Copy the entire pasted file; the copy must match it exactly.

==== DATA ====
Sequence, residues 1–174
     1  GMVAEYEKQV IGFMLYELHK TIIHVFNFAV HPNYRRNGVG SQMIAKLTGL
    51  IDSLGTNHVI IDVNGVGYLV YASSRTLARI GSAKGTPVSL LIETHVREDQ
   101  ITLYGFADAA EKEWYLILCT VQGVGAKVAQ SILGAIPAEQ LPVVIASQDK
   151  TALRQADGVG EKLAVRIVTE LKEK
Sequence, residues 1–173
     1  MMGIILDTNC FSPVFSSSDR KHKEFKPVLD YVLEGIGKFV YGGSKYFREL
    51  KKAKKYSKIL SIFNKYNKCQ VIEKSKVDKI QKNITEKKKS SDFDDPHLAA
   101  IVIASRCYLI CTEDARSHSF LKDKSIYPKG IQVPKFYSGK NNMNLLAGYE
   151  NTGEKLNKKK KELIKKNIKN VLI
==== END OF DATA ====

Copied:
Sequence, residues 1–174
     1  GMVAEYEKQV IGFMLYELHK TIIHVFNFAV HPNYRRNGVG SQMIAKLTGL
    51  IDSLGTNHVI IDVNGVGYLV YASSRTLARI GSAKGTPVSL LIETHVREDQ
   101  ITLYGFADAA EKEWYLILCT VQGVGAKVAQ SILGAIPAEQ LPVVIASQDK
   151  TALRQADGVG EKLAVRIVTE LKEK
Sequence, residues 1–173
     1  MMGIILDTNC FSPVFSSSDR KHKEFKPVLD YVLEGIGKFV YGGSKYFREL
    51  KKAKKYSKIL SIFNKYNKCQ VIEKSKVDKI QKNITEKKKS SDFDDPHLAA
   101  IVIASRCYLI CTEDARSHSF LKDKSIYPKG IQVPKFYSGK NNMNLLAGYE
   151  NTGEKLNKKK KELIKKNIKN VLI